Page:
I remember the feeling of dread when I signed up for my first two graduate school courses at Baruch College in 1997. Those two courses would cost me roughly $1,200. Throw in the cost of the Long Island Railroad and books and my first semester in grad school was going to add $1,800 to my living expenses—$1,800 I didn’t have by the way.
Faced with additional expenses that couldn’t be avoided—given my desire to earn a master’s degree—I did what any rational person would do. I looked for a part-time job.
And as fate would have it, the perfect part-time job materialized just a few blocks away from my condo. The owner of the neighborhood car wash was looking for another crew member for the Saturday shift. He paid the minimum wage—$5.15 an hour—but with tips included, the typical crew member made about $100 a shift.
Sounded good to me. To paraphrase Rose Royce, “I might not ever get rich…but it was better than diggin’ a ditch.”
So for two Saturdays in a row I did the car wash gig. And it went rather well. The pay was as advertised; the work was harder than I thought it was going to be, but far from brutal; and my crew mates, even though they spoke little English, accepted me into their merry band of hand-drying and wheel-cleaning brothers.
But then something tragic happened. I got a visit from Mr. Ego.
Mr. Ego Doesn’t Like Slumming It
Mr. Ego is the fiercest advocate you’ll ever have. He’s also as impatient as a two-year-old and doesn’t give a rat’s ass about logic or reality. His soul purpose is to impress upon you how great you are, how you’re better than everyone else, and how your exclusion from the rarefied ranks of society is a crime against humanity.
And because he has such an elevated opinion of you, he’s tenacious as hell when it comes to protecting your image. I should know. Just look how he treated the news of my new part-time job.
Mr. Ego: “Hey, I hear you’re working at the car wash with all the other brain surgeons.”
Me. “Yeah? What’s it to you? It’s honorable work.”
Mr. Ego: “Sure, sure. It’s honorable work. Didn’t your best friend just get a monster promotion at the fire department? What is he now, a deputy chief or something? Why don’t you tell him about your great car-washing job so both of you guys can celebrate your glorious ascent up the career ladder?”
Me: “C’mon, Mr. Ego. You’re way out of line. If Jesus Christ can wash feet, I can wash cars.”
Mr. Ego: “Yeah, you keep telling yourself that. And tell all the girls you meet in bars how deftly you handle a shammy. I’m sure they’ll be very impressed. You’ll be getting laid left and right.”
Me: “Damn it, Mr. Ego. I’m not going to be washing cars for the rest of my life.”
Mr. Ego: “Duh. But why are you washing cars even now? You have a bachelor’s degree for heaven’s sake.”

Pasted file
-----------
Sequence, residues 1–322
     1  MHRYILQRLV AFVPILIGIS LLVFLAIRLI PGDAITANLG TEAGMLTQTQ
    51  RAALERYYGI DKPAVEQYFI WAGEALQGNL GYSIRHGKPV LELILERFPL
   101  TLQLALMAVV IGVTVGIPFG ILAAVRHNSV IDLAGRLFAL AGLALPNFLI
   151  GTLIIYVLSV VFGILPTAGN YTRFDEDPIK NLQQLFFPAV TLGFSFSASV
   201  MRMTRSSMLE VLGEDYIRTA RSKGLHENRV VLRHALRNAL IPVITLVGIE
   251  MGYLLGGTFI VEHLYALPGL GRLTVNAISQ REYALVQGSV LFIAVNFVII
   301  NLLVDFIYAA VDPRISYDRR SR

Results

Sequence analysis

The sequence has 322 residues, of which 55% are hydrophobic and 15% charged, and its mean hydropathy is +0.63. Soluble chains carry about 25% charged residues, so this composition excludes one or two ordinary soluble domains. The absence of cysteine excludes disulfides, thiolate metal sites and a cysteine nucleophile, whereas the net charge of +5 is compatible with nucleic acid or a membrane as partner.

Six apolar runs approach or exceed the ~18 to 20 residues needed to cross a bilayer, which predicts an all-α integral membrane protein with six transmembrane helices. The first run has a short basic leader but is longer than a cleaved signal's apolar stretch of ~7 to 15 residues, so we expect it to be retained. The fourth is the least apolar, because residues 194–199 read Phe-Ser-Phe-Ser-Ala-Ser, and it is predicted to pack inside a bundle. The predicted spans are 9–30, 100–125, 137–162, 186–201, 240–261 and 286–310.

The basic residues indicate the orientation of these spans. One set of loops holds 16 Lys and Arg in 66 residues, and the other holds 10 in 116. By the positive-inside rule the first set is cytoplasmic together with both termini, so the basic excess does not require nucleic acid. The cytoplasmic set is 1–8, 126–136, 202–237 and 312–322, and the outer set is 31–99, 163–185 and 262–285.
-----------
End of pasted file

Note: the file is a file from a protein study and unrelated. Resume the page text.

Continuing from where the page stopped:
Me: “I know, I know. But this car-washing gig fits my schedule and is going to pay for grad school.”
Mr. Ego: “Hey, dummy. That’s what credit cards are for. Have some self-respect. Put grad school on Visa and pay it off with overtime money. Don’t you get a lot of overtime during the winter plowing snow?”
Me: “Alright, Mr. Ego. You win. I’m quitting tomorrow.”
Egotrage, a word I just coined, is defined as follows:
The strategy of advancing your financial position by doing something that is “beneath” your socioeconomic status.
I should have kept that car-washing job. It would have saved me from a lot of revolving debt, armed me with a reason to moderate my Friday-night partying, and provided me with a wonderful opportunity to learn Spanish. But nooooo. My ego couldn’t handle it. A man of my stature—I did have an illustrious journalism degree from Long Island University, after all—didn’t wash cars.
Ah, the follies brought forth by pride. Thankfully I’m no longer consumed with my image. My car, phone, and clothes are ample proof of this. Better to look like a bum and have money to travel extensively than to look like a big shot and barely have enough money to leave my house.
Now, before I conclude this section of the post, I want to give you a few more examples of egotrage so you can wrap your brain around the concept. Here we go.
- Claudia and Garrett over at Two Cup House are two successful professionals in their early 30s who live in a 536 sq ft house. They weren’t always small-house people. Their previous home was 1,500 sq ft. But because they decided to go small and flout convention, they were able to eliminate all of their debt and they’re on track to be financially independent in 2019.
- Jillian over at Montana Money Adventures saved $200K with her husband Adam to buy their first house. But rather than buy a McMansion, they decided to buy a fixer-upper for $50K. And because they went for a house well below their means, they’re currently in their second year of a mini-retirement.
- Finally, my brother left New York in 2013 and relocated to Raleigh, North Carolina. He was 52 years old and basically broke. But Brother Groovy has always been a hustler. He got a good job and soon thereafter opened a gym with two of his workout buddies. He’s currently making just over $100K. And where does Brother Groovy live? In a trailer. That’s right. He makes six figures and lives in a single-wide. But because he decided to live in a humble trailer, he’s saving 65-70% of his income and he’s on pace to be financially independent by the time he’s 62.
On the second Wednesday of the month, I normally devote my post to something that my warped mind supposes will either lower the cost of government or make it less tyrannical. But this is the holiday season, and most Americans are understandably fed up with politics, so I decided to give this feature of my blog a one-month hiatus. I’ll return to the intersection of politics and personal finance in January.
Okay, groovy freedomist, that’s all I got. What say you? Is egotrage a joke? Or is egotrage a legitimate concept that all FIRE enthusiasts should be aware of? Let me know what you think when you get a chance. Cheers.